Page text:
Positive developments mark county's entertainment scene in 2018
From Chevel Shepherd to local indie films, it was a big year
FARMINGTON — As 2018 draws to a close, there is little doubt that many of the more positive stories that emerged from San Juan County this year centered on the arts and entertainment industries.
Foremost among them was the emergence of 16-year-old Chevel Shepherd as a country music star. The Farmington High School junior was the winner of the 15th season of NBC-TV's "The Voice," earning a Universal Music Group recording contract and developing a national following in the process. Her three-month run on "The Voice" was capped by her crowning as the season winner on Dec. 18, and Shepherd was welcomed back to Farmington with a raucous rally at FHS on Dec. 22. Her future looks very bright, as she plans to begin work in January on her debut disc.
Elsewhere, there were several new developments in regard to local arts facilities. An $11.5 million expansion project at the Farmington Civic Center was completed in November. The work included a new east-side parking lot, improvements to the meeting rooms, new landscaping and pathways, and improved accessibility for people of all physical abilities.
Just a few blocks away, the Farmington Museum system opened a new satellite branch with the addition of the long-awaited Museum of Navajo Art and Culture in June at 301 W. Main St. The facility had been in the planning stages since 2013 and allows the museum system to showcase its extensive holdings of Navajo materials.
And 116 W. Main St., local art gallery owner Karen Ellsbury opened a much-needed new downtown outdoors performance and events space this summer with a pocket park located in the former parking lot of her Studio 116 gallery. The park, partly funded by a $3,500 grant from the Resilient Communities Fund of the state MainStreet program, includes a pergola, a lighted stage, a covered patio, planters and other amenities, and is available for parties and other private events.
The park helped launch the popular San Juan Jazz Society jam sessions in July. The music events, held every Wednesday evening, were organized by local jazz band leader Delbert Anderson and featured a rotating cast of local musicians, as well as free hot dogs and water. The first several weeks of the sessions were funded by a grant from the Connie Gotsch Arts Foundation, and when the series moved indoors to the Civic Center this fall, local businesses continued to underwrite it.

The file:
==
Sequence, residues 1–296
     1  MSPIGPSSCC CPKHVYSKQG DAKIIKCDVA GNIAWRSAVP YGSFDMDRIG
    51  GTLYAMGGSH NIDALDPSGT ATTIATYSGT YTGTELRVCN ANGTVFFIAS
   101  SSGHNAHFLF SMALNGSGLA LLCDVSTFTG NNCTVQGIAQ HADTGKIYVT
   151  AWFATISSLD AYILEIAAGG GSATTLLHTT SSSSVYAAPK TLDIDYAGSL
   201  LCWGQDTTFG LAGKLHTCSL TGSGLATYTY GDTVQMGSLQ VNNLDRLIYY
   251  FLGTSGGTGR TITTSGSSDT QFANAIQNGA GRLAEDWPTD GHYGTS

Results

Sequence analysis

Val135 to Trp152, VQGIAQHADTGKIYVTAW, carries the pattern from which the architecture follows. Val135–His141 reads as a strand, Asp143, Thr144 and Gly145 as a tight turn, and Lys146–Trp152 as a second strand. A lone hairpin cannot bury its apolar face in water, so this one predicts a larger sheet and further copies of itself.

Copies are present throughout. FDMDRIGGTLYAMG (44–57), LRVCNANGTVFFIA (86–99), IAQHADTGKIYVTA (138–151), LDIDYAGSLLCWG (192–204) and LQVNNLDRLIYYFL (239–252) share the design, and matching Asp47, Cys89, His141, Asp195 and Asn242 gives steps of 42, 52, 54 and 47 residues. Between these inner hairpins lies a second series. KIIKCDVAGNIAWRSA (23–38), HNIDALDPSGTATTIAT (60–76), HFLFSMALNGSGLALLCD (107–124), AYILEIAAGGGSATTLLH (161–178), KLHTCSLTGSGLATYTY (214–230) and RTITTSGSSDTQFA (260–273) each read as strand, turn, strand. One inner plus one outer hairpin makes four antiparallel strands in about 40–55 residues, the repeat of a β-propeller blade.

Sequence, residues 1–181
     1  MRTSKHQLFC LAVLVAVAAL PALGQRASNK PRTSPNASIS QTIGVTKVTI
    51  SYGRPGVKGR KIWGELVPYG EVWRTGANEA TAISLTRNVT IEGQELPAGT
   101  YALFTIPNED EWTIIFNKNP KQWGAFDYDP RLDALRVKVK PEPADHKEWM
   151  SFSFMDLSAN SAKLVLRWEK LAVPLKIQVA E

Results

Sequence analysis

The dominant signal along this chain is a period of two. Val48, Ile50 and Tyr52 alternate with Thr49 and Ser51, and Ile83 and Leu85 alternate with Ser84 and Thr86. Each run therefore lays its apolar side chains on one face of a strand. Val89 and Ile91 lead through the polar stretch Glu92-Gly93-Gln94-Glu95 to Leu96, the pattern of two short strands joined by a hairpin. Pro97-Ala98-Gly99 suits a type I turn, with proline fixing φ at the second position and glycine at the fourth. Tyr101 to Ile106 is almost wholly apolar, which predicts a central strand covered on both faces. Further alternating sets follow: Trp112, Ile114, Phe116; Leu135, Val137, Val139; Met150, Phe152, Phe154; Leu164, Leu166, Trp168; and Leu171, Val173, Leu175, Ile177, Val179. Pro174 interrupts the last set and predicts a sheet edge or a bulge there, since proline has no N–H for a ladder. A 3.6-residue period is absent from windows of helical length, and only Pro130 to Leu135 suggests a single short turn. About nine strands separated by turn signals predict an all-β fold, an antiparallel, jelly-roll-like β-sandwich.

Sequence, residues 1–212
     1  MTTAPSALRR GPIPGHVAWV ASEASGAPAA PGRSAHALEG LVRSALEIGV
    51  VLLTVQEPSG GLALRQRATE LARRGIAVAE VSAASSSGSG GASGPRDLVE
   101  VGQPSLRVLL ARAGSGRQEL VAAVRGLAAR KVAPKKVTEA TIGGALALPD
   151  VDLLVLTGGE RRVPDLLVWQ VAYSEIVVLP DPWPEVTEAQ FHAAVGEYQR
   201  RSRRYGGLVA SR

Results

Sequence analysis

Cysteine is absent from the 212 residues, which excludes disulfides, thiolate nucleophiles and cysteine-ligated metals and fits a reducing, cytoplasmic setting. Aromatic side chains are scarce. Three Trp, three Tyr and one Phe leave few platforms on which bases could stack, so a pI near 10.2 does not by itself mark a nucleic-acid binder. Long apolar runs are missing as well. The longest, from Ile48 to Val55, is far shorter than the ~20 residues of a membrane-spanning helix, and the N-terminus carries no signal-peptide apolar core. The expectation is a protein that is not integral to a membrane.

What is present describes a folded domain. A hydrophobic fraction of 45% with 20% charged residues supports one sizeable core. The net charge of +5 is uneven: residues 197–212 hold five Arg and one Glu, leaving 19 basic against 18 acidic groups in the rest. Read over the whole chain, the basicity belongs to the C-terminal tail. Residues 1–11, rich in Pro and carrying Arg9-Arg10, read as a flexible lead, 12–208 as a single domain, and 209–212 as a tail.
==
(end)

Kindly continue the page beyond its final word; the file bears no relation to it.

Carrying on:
Elsewhere on the local music scene, two local rock bands continued to make waves in 2018. The metal outfit Signal 99, signed to the indie label Dead Sea Records, performed twice in Mexico in addition to headlining a California festival before 20,000 fans. The group also is recording songs for its new disc and has a busy January planned, with shows in California, Las Vegas and Phoenix scheduled between Jan. 23 and Jan. 26. The group also performed in November with the New Zealand group Alien Weaponry and was filmed for a new music industry "mockumentary" film due for release in 2019 or 2020.
Another Farmington band, the instrumental trio Cinematica, continues to ride the success of its debut release "Ultraviolet Waterfall" in March. The band already has a return engagement booked in May at the famed Whisky a Go-Go in Hollywood as a co-headliner, in addition to other engagements in San Diego and Tempe, Arizona. Cinematica plans to be back in the studio in the summer or fall of 2019 to record its sophomore disc with an eye toward releasing it in 2020.
Meanwhile, the group will have some of its songs featured in the new independent film "Aurora's Law," which was shot in the Farmington area earlier this year and debuted the video for its single "Galaga" – which was directed by local independent filmmaker Brent Garcia – in October. Garcia's "Aurora's Law" features the acting talents of Steven Michael Quezada of "Breaking Bad" fame and Quinton Aaron, who starred in "The Blind Side."
Another independent film with a pronounced local flavor was released early in 2018. Farmington High School alums Mark Gould and Greg Tucker collaborated on "Gone Are the Days," a Western starring Lance Henriksen, Tom Berenger and Danny Trejo. Gould directed the production, while Tucker wrote the screenplay.
Finally, the Farmington Public Library mounted its most ambitious undertaking ever in March when it opened the traveling "Maurice Sendak: 50 Years, 50 Works, 50 Reasons" traveling art exhibition. The show celebrated the 50th anniversary of the publication of Sendak's classic children's tale "Where the Wild Things Are" and featured his original drawings and sculptures. The exhibition remained on display through April 22 and attracted thousands of visitors.